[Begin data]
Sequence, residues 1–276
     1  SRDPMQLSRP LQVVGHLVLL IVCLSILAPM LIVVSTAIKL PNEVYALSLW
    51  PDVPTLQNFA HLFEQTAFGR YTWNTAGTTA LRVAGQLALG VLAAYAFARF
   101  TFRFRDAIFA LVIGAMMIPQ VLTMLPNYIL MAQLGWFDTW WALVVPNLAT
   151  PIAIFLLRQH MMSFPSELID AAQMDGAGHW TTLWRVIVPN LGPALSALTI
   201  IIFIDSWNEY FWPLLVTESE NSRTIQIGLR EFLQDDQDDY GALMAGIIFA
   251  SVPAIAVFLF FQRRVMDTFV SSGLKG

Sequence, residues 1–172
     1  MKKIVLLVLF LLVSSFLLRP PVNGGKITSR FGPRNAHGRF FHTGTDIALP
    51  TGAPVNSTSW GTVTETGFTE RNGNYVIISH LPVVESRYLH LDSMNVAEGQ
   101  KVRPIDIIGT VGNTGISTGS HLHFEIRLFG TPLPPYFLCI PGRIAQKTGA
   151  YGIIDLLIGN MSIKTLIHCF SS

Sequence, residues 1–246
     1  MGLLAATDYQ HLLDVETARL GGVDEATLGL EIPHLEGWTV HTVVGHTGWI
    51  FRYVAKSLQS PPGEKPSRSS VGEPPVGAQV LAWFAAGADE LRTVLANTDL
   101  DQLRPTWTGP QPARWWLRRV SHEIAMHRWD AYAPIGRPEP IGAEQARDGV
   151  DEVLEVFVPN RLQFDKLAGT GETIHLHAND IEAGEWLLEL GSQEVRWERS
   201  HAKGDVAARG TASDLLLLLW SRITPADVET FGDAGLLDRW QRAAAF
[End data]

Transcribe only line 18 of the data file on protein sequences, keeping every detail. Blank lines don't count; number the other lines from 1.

   201  HAKGDVAARG TASDLLLLLW SRITPADVET FGDAGLLDRW QRAAAF